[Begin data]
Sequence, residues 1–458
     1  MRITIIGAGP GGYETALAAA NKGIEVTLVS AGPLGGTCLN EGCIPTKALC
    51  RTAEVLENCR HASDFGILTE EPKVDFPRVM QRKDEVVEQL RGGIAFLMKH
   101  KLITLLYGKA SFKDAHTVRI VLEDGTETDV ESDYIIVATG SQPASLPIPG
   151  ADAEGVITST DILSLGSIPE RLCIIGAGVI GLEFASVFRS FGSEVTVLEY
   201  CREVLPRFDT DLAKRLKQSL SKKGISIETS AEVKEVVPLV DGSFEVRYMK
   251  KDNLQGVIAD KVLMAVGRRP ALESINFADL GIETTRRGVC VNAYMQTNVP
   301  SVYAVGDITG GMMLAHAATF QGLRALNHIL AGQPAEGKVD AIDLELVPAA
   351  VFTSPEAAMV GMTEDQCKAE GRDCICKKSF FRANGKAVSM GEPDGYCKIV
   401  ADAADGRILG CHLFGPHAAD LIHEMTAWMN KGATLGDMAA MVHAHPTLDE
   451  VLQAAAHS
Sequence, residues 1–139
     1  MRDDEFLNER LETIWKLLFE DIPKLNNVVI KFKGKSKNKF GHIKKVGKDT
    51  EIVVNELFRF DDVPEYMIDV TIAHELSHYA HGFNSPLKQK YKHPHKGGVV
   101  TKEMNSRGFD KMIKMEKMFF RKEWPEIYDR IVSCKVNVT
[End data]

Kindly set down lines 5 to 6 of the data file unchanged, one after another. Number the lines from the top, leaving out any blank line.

   151  ADAEGVITST DILSLGSIPE RLCIIGAGVI GLEFASVFRS FGSEVTVLEY
   201  CREVLPRFDT DLAKRLKQSL SKKGISIETS AEVKEVVPLV DGSFEVRYMK